1 of 2
Hermit blog photoMorning on a placid river. There are no words.
2 of 2
Ron 1994The author and his beloved Irish Wolfhound (Baskerville B. Buffett). Taken in 1994 in SW Montana's Beartrap Canyon.
Hermit blog photo
A note to the reader from Ron:
Occasionally I like to dig into my archives, a disorderly closet crammed with at least 1,000 columns penned over nearly 30 years. Sometimes I agree with the words and thoughts of my younger days; sometimes I don't. Sometimes the thoughts seem brand new; sometimes they feel as if they were written by a vaguely familiar stranger.
This one . . . from 1994 . . . still holds the ring of personal truth.
Give me a plot of land on a tree covered hill, a place where wood smoke clings to the branches and the closest neighbor can barely hear the sound of my 30-30 pistol. Give me a little house with a little porch, someplace where I can sit under the night stars, listening to the wind’s journey and enjoying a smoke while the pups beg for scratches behind the ear. Give me a little river with a few fish, or failing that, a pond crowded with skeletal brush. Give me a herd of amusing pups, a fishing rod, a good book and a lamp, a few guitars and a couple of dulcimers Give me a half decent road, enormous isolation, a desk upon which to write and the crash of an animal through the underbrush.
You want to know my idea of paradise? Welcome to Hermit’s Heaven.
The word hermit has a bad connotation. It brings to mind images of stringy haired old men with curling yellow fingernails, creatures devoid of all but three or four teeth who despise their own species and drool into an evening bowl of cold pork and beans. It is a vision of an anti-social miscreant with little use for himself or others, a hobbling cretin in tattered rags who mutters to himself and kicks cats. A hermit is often thought of as a person who, plain and simple, hates life.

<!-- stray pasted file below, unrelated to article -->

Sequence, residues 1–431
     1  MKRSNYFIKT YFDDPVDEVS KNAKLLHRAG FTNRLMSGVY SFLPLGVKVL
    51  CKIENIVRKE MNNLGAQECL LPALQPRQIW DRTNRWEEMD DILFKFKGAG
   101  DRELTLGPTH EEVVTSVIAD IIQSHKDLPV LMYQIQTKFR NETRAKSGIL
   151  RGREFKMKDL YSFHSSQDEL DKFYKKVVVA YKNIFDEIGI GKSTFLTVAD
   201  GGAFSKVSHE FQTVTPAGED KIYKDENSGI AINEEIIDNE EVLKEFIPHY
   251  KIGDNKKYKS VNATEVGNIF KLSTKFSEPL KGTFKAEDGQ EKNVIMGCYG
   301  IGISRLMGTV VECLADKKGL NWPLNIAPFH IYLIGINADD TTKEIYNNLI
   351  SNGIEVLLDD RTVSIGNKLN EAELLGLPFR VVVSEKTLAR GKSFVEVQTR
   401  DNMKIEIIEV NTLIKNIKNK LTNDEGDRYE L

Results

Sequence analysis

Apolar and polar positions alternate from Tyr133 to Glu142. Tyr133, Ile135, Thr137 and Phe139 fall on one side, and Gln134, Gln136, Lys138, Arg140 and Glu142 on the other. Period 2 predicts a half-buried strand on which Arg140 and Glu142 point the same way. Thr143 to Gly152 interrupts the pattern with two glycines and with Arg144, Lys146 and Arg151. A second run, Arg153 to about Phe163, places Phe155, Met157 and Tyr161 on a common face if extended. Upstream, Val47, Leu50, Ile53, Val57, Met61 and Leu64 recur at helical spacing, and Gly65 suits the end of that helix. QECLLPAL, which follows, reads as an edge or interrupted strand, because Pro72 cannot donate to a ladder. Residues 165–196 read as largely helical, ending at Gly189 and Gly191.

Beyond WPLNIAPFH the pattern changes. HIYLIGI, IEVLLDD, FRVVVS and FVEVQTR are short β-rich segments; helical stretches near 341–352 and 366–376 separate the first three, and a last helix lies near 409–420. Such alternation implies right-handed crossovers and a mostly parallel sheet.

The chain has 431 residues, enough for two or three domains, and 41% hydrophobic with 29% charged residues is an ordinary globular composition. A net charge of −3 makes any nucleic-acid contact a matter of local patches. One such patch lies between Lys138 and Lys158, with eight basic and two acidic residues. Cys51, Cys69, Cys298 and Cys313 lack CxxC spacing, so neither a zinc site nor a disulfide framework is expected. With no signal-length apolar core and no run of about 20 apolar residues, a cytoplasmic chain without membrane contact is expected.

Nothing could be further from the truth. Loony toon folks who hear voices in their beanie-weenies and rarely bathe do not have the hermit bent. They may have a short in their brain, but let’s not confuse mental disease and improper hygiene with heartfelt desire and an exploratory mind set. Hermits, you see, are simply following their own nature. Crazy people are just crazy.
I’ve had the opportunity to know several hermits, and without exception all shared an affinity for living beyond compare. They are well traveled and gregarious with a thirst for knowledge. They shower, they speak, and most of all, they learn. They are for the most part kind hearted, with a group of scattered close friends whom they consider family. They like people, but do not feel the compulsion to be constantly surrounded, making idle chit-chat for the sake of hearing their own head rattle. They may have a love of silence and solitude, but they also love life. The difference, is that their method of expression is different from the norm.
Are they odd? Usually, at least if judged by the status quo. Do they care? Not really.
I have been a hermit for as long as I can remember. From the time when I was five or six I could most likely be found either alone on the pond dam (ostensibly in search of catfish but really in another dimension) or off wandering the farm with Skipper the beagle. Solitude gives time to think, time to try and understand our existence so that we may better enjoy it. Hermits, contrary to popular belief, have not necessarily suffered some great and tragic loss which spurs them to withdraw from society and the things of man. In many cases they are merely amazed by (Simon and Garfunkel please forgive me) the sounds of silence. It is the quiet, the absence of TV commercials, billboards, roaring engines and those who hustle and bustle which makes them feel truly at peace. It is the calm that arrives with such peace that lets them venture into the world and be further amazed.